Group internal audit monitors the progress of the group and business units in managing risks and reports its findings to the audit and risk committee. Any significant weaknesses in the design, implementation or execution of the group’s internal financial controls which could result in material financial loss, fraud, corruption or error, are reported to the audit and risk committee and disclosed in the audit and risk committee report. No material issues were brought to the attention of the committee during the reporting period.
The group subscribes to high ethical standards of business practice. A set of values and a behavioural code of conduct require staff to display integrity, mutual respect and openness. Members of staff have an obligation to challenge others who are not adhering to these values. The social and ethics committee is responsible for monitoring ethical practices. The group has various documented policies which require all employees to adhere to ethical business practices in their relationships with one another, suppliers, intermediaries, shareholders and investors. These policies also set stringent standards relating to the acceptance of gifts from third parties and declarations of potential conflicts of interest. A fraud prevention policy ensures that a firm stance is taken against fraud and the prosecution of offenders.
Oversight, governance and risk management processes are in place to promote compliance with statutory prescripts relating to competition, and the effectiveness of these processes is borne out by the fact that the group has not been sanctioned for anti-competitive conduct.
The group has market-leading positions in healthcare retailing and supply. This emphasises the need for the group to remain vigilant in guarding against engaging in anti-competitive practices.
The board approved substantial capital investment in 2023 and in the new financial year will continue to allocate resources to sustainably operate and grow the business. The board closely monitors the execution of significant projects as well as the performance of businesses acquired by the group, such as Sorbet. Strong governance processes are required to ensure that the investments made by the group are value-accretive and that they are effectively monitored.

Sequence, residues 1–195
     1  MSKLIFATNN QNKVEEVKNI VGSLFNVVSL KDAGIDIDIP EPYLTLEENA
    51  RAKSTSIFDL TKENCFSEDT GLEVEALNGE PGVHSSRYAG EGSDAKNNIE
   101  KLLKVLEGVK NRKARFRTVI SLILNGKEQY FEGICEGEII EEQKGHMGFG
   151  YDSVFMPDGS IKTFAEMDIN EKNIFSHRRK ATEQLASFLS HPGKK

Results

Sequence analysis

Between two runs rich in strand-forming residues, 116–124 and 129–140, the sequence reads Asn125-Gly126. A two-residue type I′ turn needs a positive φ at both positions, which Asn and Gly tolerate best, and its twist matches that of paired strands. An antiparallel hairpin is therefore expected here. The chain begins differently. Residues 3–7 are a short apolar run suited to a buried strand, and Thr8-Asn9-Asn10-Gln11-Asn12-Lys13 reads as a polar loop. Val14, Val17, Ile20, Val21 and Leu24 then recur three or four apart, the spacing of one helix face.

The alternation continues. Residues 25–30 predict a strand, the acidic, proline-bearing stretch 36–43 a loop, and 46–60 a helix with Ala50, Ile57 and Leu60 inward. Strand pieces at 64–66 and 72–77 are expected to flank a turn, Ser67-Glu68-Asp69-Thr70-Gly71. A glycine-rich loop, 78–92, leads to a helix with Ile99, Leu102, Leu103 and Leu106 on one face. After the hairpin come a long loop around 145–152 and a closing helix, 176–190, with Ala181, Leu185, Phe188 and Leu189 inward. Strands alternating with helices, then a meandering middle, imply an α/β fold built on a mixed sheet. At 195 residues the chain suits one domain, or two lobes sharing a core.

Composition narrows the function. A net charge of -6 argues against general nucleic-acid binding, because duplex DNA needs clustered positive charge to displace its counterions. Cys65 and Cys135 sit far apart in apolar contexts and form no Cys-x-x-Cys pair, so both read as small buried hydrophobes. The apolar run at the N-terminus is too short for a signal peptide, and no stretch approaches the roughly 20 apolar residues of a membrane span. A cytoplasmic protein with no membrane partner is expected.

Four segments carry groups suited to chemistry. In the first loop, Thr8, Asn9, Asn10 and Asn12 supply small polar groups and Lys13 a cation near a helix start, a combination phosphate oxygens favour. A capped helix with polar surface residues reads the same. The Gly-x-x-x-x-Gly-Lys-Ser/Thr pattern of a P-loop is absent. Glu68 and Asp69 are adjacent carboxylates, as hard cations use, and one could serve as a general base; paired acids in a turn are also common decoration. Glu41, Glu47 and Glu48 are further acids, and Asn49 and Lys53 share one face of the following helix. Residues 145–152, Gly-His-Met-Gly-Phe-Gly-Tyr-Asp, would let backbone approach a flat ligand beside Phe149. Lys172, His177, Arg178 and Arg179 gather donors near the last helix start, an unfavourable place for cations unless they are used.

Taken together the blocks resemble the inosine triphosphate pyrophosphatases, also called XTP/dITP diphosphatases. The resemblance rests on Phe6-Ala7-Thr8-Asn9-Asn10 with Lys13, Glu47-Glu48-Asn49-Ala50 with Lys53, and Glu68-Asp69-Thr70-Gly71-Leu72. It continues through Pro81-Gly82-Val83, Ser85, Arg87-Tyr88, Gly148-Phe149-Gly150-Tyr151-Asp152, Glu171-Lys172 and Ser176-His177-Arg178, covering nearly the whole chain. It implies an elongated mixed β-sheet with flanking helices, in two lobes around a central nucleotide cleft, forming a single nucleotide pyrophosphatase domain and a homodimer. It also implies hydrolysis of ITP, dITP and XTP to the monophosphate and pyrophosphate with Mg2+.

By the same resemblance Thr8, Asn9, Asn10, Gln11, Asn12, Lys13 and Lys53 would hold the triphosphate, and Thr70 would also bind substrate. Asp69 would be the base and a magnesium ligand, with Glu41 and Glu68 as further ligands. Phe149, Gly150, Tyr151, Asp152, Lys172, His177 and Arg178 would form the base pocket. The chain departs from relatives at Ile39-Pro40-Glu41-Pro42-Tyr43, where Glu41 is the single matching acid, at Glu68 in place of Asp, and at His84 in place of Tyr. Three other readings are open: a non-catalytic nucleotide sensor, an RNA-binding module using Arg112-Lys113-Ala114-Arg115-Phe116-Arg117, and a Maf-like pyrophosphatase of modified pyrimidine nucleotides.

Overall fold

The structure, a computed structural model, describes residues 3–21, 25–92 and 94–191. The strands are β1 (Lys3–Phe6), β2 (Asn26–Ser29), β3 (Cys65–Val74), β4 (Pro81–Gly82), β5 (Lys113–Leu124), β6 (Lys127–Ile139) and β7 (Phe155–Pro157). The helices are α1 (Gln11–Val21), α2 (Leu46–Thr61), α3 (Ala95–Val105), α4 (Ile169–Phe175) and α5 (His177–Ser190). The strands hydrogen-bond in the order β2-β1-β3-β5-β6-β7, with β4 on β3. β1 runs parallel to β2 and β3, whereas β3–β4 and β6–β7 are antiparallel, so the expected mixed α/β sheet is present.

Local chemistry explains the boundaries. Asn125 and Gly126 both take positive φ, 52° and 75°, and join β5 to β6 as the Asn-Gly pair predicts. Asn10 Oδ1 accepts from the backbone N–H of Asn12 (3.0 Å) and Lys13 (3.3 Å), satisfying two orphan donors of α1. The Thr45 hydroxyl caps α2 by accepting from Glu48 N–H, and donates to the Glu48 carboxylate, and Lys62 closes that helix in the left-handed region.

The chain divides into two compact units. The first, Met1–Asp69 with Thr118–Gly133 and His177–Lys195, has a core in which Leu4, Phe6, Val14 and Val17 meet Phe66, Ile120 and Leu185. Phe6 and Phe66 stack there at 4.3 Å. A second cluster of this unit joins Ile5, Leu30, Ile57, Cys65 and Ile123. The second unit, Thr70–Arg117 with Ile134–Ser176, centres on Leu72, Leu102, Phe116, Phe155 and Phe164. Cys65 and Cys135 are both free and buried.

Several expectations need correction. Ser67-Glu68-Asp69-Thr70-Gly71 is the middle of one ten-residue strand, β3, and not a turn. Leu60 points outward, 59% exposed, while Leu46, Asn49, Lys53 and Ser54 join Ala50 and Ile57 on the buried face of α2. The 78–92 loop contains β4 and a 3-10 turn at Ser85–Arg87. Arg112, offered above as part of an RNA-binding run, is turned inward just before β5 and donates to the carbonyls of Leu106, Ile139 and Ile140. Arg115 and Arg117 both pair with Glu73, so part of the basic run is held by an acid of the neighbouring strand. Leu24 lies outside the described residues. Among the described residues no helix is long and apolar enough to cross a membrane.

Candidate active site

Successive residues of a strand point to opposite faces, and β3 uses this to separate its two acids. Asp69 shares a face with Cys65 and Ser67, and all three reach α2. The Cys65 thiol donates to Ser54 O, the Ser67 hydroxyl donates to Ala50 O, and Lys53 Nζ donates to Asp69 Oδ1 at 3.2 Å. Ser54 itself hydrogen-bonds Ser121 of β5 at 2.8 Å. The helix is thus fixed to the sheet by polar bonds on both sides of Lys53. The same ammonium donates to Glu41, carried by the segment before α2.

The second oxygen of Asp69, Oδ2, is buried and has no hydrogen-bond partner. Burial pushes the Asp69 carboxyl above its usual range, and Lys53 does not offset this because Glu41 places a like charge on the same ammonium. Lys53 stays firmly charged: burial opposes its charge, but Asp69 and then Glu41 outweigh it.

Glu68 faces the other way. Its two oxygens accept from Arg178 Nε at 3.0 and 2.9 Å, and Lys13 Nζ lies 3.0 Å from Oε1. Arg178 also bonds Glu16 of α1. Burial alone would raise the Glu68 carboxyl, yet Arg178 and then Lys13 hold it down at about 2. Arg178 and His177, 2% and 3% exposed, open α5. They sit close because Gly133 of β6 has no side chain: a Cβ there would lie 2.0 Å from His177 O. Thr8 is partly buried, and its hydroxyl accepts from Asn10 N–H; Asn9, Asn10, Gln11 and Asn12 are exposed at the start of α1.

As the board refresh process nears conclusion, the directors are shifting their focus to ensuring that the board’s structure most effectively utilises the skillsets and experience of directors, and best serves the businesses in the group. This includes the review of the board committee structure and the mandates and membership of each committee. Induction of the recently appointed board members will continue.
The group understands how environmental, social and governance matters are inextricably linked, and how ESG performance is dependent on a concerted effort in all of these areas, together with a supportive culture and structure in the business. The appointment of a group head of corporate affairs, whose portfolio includes responsibility for much of the group’s ESG initiatives, has provided enhanced performance in these areas and it is expected that this improvement will continue with the support of the board and top management.
Detailed disclosure on the roles, functions and composition of the committees is contained in the corporate governance report available on www.clicksgroup.co.za.